I motor a lot, (because) it beats getting gnawed on by the bugs on shore and if I think there are any fish I throttle back and drop the down rigger and do catch and release. I enjoy watching the shoreline go by, the marine life, the new anchorage every night and I seldom spend the night in the same anchorage two nights in a row unless shrimping.

The season here (for me) is only 4 months long, the wind in the fall and the cold temps in the spring set my season for me. I usually don't run my generator to keep my batteries up, I motor if water conditions permit and save the generator for when they don't.

Everything here is far apart, at 6 knots :-) When I ran the Bayliner I ran the same distances in two hours a day and had to carefully watch every drop of gasoline to be sure to make it back to the harbor. I am liking this diesel and displacement arrangement a lot!
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Old 04-27-2016, 01:11 PM   #25
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I average over 500 hours a year on the Hobbs, for the three years I have had the Willard. I base out of Seward in the summer and almost anywhere I want to anchor for the night is a minimum of 50 miles away, usually 60-70 nautical miles.

I motor a lot, (because) it beats getting gnawed on by the bugs on shore and if I think there are any fish I throttle back and drop the down rigger and do catch and release. I enjoy watching the shoreline go by, the marine life, the new anchorage every night and I seldom spend the night in the same anchorage two nights in a row unless shrimping.

The season here (for me) is only 4 months long, the wind in the fall and the cold temps in the spring set my season for me. I usually don't run my generator to keep my batteries up, I motor if water conditions permit and save the generator for when they don't.

Everything here is far apart, at 6 knots :-) and had to carefully watch every drop of gasoline to be sure to make it back to the harbor. I am liking this diesel and displacement arrangement a lot!
Lol.
Good commentary. I bet when yer shrimpin' you are wearing a grand's worth of Ray Bans and flip flops too, eh?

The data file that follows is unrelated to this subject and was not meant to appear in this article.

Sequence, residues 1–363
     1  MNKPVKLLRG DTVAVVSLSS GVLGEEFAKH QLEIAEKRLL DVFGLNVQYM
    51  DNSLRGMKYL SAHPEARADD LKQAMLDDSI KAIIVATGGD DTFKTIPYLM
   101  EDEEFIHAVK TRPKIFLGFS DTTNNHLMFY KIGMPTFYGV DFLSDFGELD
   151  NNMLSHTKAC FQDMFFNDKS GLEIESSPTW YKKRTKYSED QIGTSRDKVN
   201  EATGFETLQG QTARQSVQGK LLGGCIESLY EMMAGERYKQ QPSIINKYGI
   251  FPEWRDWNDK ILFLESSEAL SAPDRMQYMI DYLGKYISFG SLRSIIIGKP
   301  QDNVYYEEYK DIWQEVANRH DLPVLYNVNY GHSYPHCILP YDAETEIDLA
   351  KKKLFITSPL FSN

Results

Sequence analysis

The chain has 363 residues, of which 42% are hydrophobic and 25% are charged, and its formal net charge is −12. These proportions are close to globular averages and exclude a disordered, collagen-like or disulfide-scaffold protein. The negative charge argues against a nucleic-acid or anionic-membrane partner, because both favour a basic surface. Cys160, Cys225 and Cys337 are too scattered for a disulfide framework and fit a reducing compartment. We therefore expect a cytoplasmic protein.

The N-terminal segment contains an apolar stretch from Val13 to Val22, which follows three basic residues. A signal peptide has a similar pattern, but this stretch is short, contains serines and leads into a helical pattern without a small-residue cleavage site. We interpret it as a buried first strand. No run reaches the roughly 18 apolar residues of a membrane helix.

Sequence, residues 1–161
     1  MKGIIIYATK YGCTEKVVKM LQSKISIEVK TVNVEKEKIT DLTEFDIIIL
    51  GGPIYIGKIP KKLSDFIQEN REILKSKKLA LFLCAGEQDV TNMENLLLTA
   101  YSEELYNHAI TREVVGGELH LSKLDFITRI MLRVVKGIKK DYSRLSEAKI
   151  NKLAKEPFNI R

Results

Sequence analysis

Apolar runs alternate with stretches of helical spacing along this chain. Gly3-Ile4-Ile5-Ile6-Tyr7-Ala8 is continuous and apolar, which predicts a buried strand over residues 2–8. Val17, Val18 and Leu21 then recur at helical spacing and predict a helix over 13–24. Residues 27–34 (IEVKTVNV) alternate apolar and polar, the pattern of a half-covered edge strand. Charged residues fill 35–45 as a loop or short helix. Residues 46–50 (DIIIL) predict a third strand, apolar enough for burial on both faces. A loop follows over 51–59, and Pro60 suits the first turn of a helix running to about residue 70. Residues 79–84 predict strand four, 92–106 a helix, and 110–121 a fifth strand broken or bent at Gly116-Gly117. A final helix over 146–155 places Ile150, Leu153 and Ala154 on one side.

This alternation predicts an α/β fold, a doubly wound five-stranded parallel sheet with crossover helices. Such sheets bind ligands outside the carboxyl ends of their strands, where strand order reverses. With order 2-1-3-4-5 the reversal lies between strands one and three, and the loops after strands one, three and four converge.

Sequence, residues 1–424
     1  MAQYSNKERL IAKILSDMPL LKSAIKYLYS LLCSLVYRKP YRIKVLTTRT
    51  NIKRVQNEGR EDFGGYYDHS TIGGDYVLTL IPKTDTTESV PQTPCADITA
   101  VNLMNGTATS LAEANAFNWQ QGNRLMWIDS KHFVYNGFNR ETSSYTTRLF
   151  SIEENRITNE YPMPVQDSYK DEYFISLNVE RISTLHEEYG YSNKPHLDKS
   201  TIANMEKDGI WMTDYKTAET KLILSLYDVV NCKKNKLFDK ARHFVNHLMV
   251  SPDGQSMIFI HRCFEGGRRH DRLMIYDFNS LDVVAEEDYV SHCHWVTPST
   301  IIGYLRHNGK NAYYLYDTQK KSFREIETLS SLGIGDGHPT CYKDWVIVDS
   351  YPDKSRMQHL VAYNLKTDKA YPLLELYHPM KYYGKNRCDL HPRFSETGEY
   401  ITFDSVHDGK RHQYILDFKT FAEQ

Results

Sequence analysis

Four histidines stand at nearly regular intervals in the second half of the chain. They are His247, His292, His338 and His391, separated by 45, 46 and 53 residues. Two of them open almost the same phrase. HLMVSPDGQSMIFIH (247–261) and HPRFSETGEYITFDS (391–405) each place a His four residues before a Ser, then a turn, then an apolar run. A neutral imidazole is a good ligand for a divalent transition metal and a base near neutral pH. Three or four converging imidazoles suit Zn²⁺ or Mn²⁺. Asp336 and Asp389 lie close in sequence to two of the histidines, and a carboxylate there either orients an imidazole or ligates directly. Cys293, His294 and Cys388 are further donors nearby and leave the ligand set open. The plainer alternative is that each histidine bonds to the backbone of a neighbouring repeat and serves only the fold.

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Old 04-27-2016, 01:12 PM   #26
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Greetings,
I really don't keep track of hours save for oil changes. I also really don't care if I go anywhere or at what speed. As long as I'm aboard, I consider myself cruising even if still tied to the dock. I'm NOT ashore. I just enjoy floating. We usually run (off the dock) about 200 to 300 hours a year and THAT is a bonus. Where are we going? Don't care. How fast are we getting there? Don't much care either.
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Old 04-27-2016, 01:32 PM   #27
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After 14 hour days on sailboats we graduated to power boats where we leave the dock at 10 AM and are tied up or anchored about 2PM
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Old 04-27-2016, 02:19 PM   #28
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After 14 hour days on sailboats we graduated to power boats where we leave the dock at 10 AM and are tied up or anchored about 2PM
Then you sit through happy hour watching all the 14 hour sailboats fighting rigging, hanging laundry and each other for the last spot.

Do you miss it?
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Old 04-27-2016, 06:07 PM   #29